Among automakers, General Motors was an early adopter of 3-D printing/additive manufacturing (AM) in the 1980s and is accelerating both its use of, and investment in, the technology. Nearly 40,000 prototype parts are printed annually at GM’s Warren Technical Center, including about 75% of the 2021 Corvette’s bill of material used for assembly mockups. A host of tools and related items were made using AM for medical masks, face shields and ventilators.
A new Additive Innovation Lab at the Tech Center has trained over 700 technical staff. Later this year GM will open its nearby Additive Industrialization Center, aimed at further expanding AM applications into tooling and series production parts. Kevin Quinn (below), GM's director of additive design and manufacturing, spoke with editor Lindsay Brooke about AM’s future.
How is GM is incorporating AM into its overall product-development strategy, beyond rapid prototyping?
We think we can really drive value into the organization with 3-D printing and ultimately, to our customers. AM starts very far to ‘the left’ on the development-cycle timeline. It starts with one-off parts. You have a great design in math data, viewed on the screen, but nothing surpasses being able, as an engineer, to build vehicles around it. Now, with our dedicated resources we’re focused on taking 3-D to the next level: transitioning from a prototype and assembly/tooling mindset, to more production parts to support our vehicles.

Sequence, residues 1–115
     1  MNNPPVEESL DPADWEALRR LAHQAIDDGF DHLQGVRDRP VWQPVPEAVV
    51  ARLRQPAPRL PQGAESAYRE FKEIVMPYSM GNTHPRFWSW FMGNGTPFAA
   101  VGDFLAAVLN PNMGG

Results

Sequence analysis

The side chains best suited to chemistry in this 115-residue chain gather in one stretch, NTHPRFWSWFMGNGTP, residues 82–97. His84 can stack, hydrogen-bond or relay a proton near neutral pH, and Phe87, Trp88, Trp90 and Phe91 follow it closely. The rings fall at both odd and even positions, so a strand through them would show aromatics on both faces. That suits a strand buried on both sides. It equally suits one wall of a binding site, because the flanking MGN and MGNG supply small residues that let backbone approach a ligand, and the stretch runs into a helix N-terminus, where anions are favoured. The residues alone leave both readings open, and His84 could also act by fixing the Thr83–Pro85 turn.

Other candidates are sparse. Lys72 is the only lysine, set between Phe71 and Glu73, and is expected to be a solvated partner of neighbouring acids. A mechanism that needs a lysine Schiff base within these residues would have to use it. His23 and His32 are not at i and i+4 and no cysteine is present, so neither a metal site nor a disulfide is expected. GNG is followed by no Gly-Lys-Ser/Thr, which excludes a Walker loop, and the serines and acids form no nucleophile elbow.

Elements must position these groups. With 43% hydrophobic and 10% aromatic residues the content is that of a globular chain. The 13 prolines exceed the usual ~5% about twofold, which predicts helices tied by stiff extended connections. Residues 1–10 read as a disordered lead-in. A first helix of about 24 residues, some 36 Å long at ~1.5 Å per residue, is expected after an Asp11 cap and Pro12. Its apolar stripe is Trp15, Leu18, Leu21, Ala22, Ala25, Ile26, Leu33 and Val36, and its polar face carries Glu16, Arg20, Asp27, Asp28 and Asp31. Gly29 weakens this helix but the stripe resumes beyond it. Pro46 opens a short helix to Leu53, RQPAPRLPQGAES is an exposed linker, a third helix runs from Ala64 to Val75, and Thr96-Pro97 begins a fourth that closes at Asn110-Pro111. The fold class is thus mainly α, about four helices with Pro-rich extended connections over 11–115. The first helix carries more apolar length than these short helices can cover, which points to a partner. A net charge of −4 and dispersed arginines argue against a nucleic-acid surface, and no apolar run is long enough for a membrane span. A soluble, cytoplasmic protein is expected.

Currently it is low-volume technology; it’s not a play that supports full-size-truck volumes. But to enable more niche-type vehicles, service parts, and accessories for personalization/customization, 3-D enables us to give customers exactly what they want without requiring a big capital investment. Our primary focus over the past three years is to push further into serial production – to first-built parts that are 3-D printed versus traditional manufacture. We’ll be making some exciting announcements about upcoming vehicles.
Do you see an inflection point coming where AM could take over for some CNC production machining, for example?
I don’t know that it will ever replace CNC. There will always be a home for some of the traditional methods. I’m one of the biggest proponents of 3-D printing but it can’t do everything. It’s not a replacement; it’s an augmentation. 3-D can even enhance some traditional methods such as injection molding. We’re also getting into sand printing of metal-casting cores.
What are the current challenges in creating more opportunities for AM?